Emergency Management Director, Marshall Nelson, announced to the Gulf County Board of Commissioners on Tuesday that the Emergency Operations Center had lowered its response level to three, and indicated they’d be monitoring individual flooding situations while they assessed damage in affected areas.


Emergency Management Director, Marshall Nelson, announced to the Gulf County Board of Commissioners on Tuesday that the Emergency Operations Center had lowered its response level to three, and indicated they’d be monitoring individual flooding situations while they assessed damage in affected areas.



While more than 150 residents were inconvenienced by the rising water around their homes, however, at the time of the meeting it was reported that fewer than 10 homes in Gulf County had experienced water damage, though preliminary assessments would continue throughout the week.



The bigger concern was damage from flash flooding on local roads.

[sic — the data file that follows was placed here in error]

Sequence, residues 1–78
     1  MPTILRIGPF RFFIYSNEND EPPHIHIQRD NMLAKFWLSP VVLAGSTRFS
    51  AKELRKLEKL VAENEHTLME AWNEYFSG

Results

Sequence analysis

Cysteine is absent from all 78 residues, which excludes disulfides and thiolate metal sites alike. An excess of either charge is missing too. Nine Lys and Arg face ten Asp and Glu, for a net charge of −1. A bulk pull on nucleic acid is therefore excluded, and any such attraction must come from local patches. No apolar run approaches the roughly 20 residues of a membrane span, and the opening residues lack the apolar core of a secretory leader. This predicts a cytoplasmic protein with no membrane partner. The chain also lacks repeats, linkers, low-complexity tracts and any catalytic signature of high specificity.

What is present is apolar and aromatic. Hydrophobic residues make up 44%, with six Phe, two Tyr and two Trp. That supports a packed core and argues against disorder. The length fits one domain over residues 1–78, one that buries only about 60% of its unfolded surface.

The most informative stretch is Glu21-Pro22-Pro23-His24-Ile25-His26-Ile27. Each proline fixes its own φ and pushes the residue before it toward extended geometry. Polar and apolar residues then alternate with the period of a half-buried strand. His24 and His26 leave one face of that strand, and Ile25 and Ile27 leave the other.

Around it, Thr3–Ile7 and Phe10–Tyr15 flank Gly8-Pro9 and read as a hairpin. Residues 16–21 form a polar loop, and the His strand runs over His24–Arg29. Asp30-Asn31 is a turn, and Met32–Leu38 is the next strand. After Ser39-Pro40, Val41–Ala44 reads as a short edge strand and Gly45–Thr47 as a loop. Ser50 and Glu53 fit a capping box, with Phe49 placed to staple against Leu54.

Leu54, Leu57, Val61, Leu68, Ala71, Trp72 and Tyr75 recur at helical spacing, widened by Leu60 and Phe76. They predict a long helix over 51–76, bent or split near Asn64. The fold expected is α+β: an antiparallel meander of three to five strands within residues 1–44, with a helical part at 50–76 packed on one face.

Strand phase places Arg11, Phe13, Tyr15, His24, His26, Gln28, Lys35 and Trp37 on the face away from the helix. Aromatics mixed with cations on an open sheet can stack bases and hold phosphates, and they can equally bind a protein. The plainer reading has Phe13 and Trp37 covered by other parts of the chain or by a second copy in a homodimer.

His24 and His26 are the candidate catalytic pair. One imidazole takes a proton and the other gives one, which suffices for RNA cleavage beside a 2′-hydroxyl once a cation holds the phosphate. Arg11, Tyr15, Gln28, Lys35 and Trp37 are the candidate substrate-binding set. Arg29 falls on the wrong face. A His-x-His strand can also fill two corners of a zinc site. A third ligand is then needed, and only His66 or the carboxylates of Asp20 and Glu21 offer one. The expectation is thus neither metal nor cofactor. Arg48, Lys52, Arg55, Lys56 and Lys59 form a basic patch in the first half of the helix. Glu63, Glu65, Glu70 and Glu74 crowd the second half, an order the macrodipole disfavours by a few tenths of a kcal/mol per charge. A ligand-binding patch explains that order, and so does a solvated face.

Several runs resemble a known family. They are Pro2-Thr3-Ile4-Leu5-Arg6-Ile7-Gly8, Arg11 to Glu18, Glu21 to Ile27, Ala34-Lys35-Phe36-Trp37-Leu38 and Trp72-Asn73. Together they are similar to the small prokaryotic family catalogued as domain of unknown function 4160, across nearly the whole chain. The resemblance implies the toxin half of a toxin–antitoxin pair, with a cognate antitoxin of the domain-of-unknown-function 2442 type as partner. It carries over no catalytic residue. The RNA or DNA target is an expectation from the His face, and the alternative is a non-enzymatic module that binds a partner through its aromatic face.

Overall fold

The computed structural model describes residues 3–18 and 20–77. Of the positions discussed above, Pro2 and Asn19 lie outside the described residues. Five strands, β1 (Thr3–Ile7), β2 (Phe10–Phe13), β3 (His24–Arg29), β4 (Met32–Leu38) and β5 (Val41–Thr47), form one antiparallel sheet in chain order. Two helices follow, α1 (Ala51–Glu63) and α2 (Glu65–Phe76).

Mark Cothran, Director of Gulf County Mosquito Control said that the new problem were the mosquitos that currently infested the flood waters in the area.



“There are thousands of mosquitos in the water,” said Cothran as he showed video footage of the infestation from Lake Grove Road in Wewahitchka. “This is a public health risk.”



Cothran asked that locals do their part to slow down the bugs and follow the Five D’s of Mosquito Control—Drain all standing water, avoid dawn and dusk, dress in long sleeves and pants and defend yourself by using appropriate bug spray.



Commissioners Carmen McLemore, Joanna Bryan and Tan Smiley, who oversaw the meeting, put into motion a local state of emergency for the county until the mosquito population had diminished.



“We’ll get through it,” said McLemore.